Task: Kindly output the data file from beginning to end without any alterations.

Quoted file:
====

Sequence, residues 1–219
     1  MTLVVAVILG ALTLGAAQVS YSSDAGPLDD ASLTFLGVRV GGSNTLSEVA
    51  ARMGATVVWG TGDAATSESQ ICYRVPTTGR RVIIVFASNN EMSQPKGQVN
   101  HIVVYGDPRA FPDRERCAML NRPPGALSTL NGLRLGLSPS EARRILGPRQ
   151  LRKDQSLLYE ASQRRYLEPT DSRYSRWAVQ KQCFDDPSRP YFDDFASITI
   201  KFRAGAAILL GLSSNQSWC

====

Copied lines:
Sequence, residues 1–219
     1  MTLVVAVILG ALTLGAAQVS YSSDAGPLDD ASLTFLGVRV GGSNTLSEVA
    51  ARMGATVVWG TGDAATSESQ ICYRVPTTGR RVIIVFASNN EMSQPKGQVN
   101  HIVVYGDPRA FPDRERCAML NRPPGALSTL NGLRLGLSPS EARRILGPRQ
   151  LRKDQSLLYE ASQRRYLEPT DSRYSRWAVQ KQCFDDPSRP YFDDFASITI
   201  KFRAGAAILL GLSSNQSWC